At the beginning of this week I just returned from another week long vacation north of Lake Huron, visting the former Algoma Central and the Huron Central and Ontario Northland railways.
Having previously ridden the Tour of the Line last October, on Monday July 28th, I had a ticket booked to ride the Agawa Canyon Tour Train. The tickets are booked over the phone (which the helpful ACR staff make quite easy – and it’s nice to hear them answer the phone as “Algoma Central Railway”) and can be picked up at the station the morning of the departure. The train’s scheduled departure is at 8 AM, and tickets can be picked up at the station half an hour before the train leaves. I think I arrived there a little before 7:30 and ended up beating the line. Eventually around 7:40 or so the train pulled into the station and we were able to board.
The train this day was a short 6 cars, including dining car 506, and one of the regular F40PHR locomotives was apparently away in Toronto for some repair work, so the engine on the south end of the train was a CN GP9Rm. The complete consist was as follows (from the north end):
CN 105 (F40PHR)
AC 5705 (Coach)
AC 5702 (Coach)
AC 5655 (Coach)
AC 5703 (Coach)
AC 506 (Dining Car)
CN 4110 (GP9Rm)
The train left precisely on time and we slowly rolled through the downtown, past the huge Essar Steel Algoma mill and past the sprawling CN yards and shops before finally clearing the yard limits and entering the main line north of town. Then it was off into the wilderness north of the Sault.
Inside the coaches on the train there are video monitors throughout, which over the course of the trip play video commentary describing features of the line and its history. The video segments are apparently triggered by GPS location, so it tells you when certain notable features (like the Montreal Falls trestle for one particular example) are soon to be encountered, and also to spread out the history segments over the trip. While to an ACR historian like myself much of the information was known, I still found myself watching each segment when they played with interest, and it certainly gives an interesting background to the area you’re riding through. (Although a couple parts of the narration could use some updating as they refer to the St. Marys Paper Company as a current operation, while it has closed down a few years ago and the mill has been mostly demolished except for some of the remaining original sandstone structures dating from the 1890s mill.)
When the history segments weren’t showing on the monitors, the view was normally from a camera mounted in the front window of the lead F40PHR locomotive, giving a nice live view of the track ahead of the train. This was nice to see features ahead of the train, and was particularly interesting at one point where the train slowed because of a pair of large birds that when disturbed by the train simply flew along the tracks in front of the train for about a minute or so before finally gaining height and flying out of the way!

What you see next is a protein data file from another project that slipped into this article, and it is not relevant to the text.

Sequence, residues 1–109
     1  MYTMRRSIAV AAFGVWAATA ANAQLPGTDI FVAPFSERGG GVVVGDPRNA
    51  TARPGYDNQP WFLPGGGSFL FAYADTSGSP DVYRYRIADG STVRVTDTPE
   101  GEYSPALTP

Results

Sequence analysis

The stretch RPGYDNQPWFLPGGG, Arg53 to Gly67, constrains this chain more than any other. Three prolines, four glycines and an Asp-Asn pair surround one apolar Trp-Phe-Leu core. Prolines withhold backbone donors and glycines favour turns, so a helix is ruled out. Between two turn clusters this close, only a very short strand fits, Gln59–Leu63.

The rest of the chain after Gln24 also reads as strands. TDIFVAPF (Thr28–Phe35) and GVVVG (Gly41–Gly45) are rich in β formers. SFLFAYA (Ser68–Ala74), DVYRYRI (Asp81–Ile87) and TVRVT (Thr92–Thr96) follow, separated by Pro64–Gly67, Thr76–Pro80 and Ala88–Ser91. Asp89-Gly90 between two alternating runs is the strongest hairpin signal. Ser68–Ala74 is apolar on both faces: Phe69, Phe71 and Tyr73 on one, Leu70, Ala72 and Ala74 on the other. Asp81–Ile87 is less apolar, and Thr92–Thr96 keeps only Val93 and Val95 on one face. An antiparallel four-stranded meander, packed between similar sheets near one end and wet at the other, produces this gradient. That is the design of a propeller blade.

About half an hour after departure from the Sault, the dining car opened for breakfast, for which they called the various coaches in turn. I had made sure I had something to eat at my room before heading down to the station, so I did not partake of breakfast, but later when the dining car switched over to serving lunch (for which the kitchen remained continuously open until a little after 4 PM) the on-board service staff took orders for boxed lunches from those who wished it, and these orders were taken far enough in advance of the arrival at Canyon so that you would be able to take your lunch and have a nice picnic within the park environs. I ended up ordering one of these lunches, which I believe was about $15 and contained a sandwich (on a nice large Kaiser bun, which could be one of three options: roast beef, tuna or ham & cheese – I chose the ham & cheese), bottle of water, bag of chips, brownie and a hard-boiled egg.
After arrival at Canyon, I wandered around the lower part of the park for a while, enjoying the area along the river, eating my lunch and taking a number of photos of the train in the park setting.
Ultimately, the time in the canyon came to an end, and the whistle was blown giving the 5 minute warning to return to the train for departure. The northbound passenger train to Hearst was also running that day, and I had hoped to photograph it arriving at the south end of Canyon siding, unfortunately it did not end up arriving until after our train had reboarded, and we rolled slowly to the south switch to meet the regular train there, heading south as soon as it had cleared into the siding. So I was only able to see the train from the windows of my coach as it passed by on the adjacent track, and no photos. So that was my disappointment on the trip, from a railfan’s perspective, but the actual ride to and from the Canyon was relaxing and enjoyable, as I alternately read my book or watched the northern Ontario scenery with it’s unending forest dotted with rocky hills and myriad small lakes roll by outside.
Our return time to the Sault was approximately 5:30 PM, and with the sun now in the perfect position for taking photographs at the station, I photographed the train as the unboarding completed and the train pulled out of the station to head back to the yard for servicing, cleaning and overnight parking until the next day’s train. Once the train departed the station, I wandered past the Huron Central yard to photograph some of the pulpwood flatcars around there and then headed off to find some supper, a nice day of train riding completed.